I sat on the ground for a moment and finally my two sons were able to pull me to my feet. I went in and sat on the bed. It was time to make a decision. Was I going to call the church and cancel the date? Was I going to go to the doctor and find out some form of bad news? Was I going to put my foot up on a pillow, ice it down and watch television? Or was I going to get to my feet, find a way to get to that church and do the gig?

That particular scenario–in diverse forms, areas and situations–has been the story of my life. I have no criticism for anyone who decides to cancel a date, go to the doctor or ease on a pillow and watch television. It’s just not me.

I got to my feet and with the help of my children and my wife, I hobbled to my car and made it over to the church, only to discover that the sanctuary was 125 years old and was up two flights of solid oak wooden stairs. I was looking for a break and instead got broken by new challenges. It took me nearly twenty minutes to get up those stairs. My children went ahead of me, unloaded the equipment and kept passing me over and over again as they carried things up the stairs with their youthful zeal. I inched my way along like I was crawling on razor blades.

I got to the top of the stairs and sat down on the back pew, allowed my family to put together all the equipment, putting my foot up on the pew in front of me. Gradually, I was given a sense of relief. My leg actually went numb. I was completely free of pain–that is, as long as I agreed not to walk on it.

But walk I did. Matter of fact, I stood on it for two hours while I played piano, sang, taught and then, during a particularly sweet time of fellowship, prayed for about thirty-five or forty people who came up seeking wisdom, guidance and a touch from God.

As the evening wore on, my leg occasionally fell asleep, so I had to bounce it against the floor to wake it up so I wouldn’t accidentally fall over. There are two things I remember from that evening: First was the amazing grace that was imparted to me, allowing me to finish out my responsibilities and make it back to my room for a beautiful night of rest. The second thing that sticks in my mind from that night was that even though I was hobbling around, none of the congregation seemed to be aware of my affliction or terribly concerned about my limping. They were focused.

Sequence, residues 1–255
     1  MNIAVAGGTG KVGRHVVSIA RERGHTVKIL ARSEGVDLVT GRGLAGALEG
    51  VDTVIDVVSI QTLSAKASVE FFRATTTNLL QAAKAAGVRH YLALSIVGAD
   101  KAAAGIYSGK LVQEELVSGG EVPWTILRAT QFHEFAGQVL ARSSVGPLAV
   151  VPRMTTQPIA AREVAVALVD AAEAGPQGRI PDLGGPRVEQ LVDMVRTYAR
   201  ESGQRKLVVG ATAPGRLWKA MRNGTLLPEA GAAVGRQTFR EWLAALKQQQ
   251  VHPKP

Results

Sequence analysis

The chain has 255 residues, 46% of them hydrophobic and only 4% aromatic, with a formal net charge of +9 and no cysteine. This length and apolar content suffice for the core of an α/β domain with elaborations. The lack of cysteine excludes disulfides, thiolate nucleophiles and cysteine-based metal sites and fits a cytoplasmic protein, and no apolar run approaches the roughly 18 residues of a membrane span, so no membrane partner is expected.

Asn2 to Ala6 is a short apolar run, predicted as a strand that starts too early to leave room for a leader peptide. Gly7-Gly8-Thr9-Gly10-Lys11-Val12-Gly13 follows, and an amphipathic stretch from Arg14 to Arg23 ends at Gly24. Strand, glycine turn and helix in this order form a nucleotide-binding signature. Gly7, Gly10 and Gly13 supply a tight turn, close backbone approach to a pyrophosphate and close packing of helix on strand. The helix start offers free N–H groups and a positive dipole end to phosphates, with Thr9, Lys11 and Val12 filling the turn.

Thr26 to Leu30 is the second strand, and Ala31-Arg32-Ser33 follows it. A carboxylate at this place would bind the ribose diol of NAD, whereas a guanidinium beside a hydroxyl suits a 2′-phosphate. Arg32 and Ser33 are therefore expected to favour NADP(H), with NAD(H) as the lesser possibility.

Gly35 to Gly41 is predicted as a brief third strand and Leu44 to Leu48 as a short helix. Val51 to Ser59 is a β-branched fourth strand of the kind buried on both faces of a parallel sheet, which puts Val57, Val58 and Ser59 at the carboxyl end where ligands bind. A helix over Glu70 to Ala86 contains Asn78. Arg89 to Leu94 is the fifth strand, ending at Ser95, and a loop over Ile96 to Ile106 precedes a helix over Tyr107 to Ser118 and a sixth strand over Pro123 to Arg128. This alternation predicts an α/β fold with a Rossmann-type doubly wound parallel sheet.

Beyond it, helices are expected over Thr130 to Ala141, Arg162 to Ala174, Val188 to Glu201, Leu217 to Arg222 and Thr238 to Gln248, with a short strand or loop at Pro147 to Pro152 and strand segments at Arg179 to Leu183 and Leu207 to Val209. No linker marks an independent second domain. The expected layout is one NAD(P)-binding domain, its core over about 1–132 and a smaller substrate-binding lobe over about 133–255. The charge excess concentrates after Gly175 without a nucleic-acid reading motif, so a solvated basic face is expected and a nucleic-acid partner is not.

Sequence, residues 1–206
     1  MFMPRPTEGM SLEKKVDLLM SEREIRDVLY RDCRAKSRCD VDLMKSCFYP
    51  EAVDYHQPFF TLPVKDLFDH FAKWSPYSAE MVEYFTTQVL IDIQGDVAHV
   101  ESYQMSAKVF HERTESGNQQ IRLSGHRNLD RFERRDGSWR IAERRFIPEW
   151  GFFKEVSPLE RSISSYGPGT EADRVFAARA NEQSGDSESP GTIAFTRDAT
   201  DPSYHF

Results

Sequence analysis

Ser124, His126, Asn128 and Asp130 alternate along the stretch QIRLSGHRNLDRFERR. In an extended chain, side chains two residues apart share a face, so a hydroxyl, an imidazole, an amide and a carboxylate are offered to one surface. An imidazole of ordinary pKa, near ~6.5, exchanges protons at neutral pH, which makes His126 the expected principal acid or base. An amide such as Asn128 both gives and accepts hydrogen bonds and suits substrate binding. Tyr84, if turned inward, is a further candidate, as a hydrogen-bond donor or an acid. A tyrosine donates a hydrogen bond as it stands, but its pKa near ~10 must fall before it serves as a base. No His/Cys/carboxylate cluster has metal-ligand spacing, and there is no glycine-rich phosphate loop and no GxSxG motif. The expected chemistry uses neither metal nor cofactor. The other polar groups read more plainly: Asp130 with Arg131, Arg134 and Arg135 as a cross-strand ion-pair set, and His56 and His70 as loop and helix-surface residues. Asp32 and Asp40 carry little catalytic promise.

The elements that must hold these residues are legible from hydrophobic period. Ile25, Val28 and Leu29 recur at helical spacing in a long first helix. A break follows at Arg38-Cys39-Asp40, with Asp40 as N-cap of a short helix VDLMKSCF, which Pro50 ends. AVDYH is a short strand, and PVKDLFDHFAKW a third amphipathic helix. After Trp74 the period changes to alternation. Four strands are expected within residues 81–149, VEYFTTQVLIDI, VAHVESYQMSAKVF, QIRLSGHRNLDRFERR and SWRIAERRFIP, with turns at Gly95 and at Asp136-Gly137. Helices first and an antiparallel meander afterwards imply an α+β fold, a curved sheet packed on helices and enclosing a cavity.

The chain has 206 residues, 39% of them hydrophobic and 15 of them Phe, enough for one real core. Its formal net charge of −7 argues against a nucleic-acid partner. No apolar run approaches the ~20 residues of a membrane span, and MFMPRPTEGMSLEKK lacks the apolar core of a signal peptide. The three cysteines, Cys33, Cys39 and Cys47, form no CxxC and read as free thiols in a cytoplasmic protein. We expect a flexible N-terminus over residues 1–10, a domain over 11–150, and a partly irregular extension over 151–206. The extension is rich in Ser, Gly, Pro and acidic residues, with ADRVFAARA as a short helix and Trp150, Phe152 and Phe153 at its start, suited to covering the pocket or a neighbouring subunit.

Yes–they were focused on their own needs. I know there are some people who would find that horrible or insensitive. I disagree. God gave me the ability, the tenacity and the mercy to do that show so I could help someone.

Ever since then I have used that night to remind myself that life is always a decision–and usually there are three choices: you can decide to wait, you can decide to ignore, or you can decide to do.

Some people think that waiting is smart, and it might seem that way if there was a guarantee that opportunity actually knocks more than once.

Other folks will insist that variety and possibility just don’t ever come their way, when what they have really done is establish a lifestyle which filters out anything that is foreign to their simple experience.

I have been a person who decides to do. Even though I’ve had failures and experienced set-backs, I have never regretted setting into practice what I preach instead of just printing a book or sharing a sermon about my theories.

It took me six weeks for my leg to heal from the injury that happened that evening so many years ago. I didn’t miss a date. Most of them were done in pain, but today I don’t remember the pain, only the fact that something was accomplished and adversity was overcome.

Most of our lives are sprained. Just like my leg, we have plenty of reason to call ahead and cancel our plans. Yet, life is just too short a span to be spent wondering what you missed. Yes, life is brief, so you might as well use all the space available, because there are no guarantees that you will ever get another crack.

The producers of jonathots would humbly request a yearly subscription donation of $10 for this wonderful, inspirational opportunity

%d bloggers like this: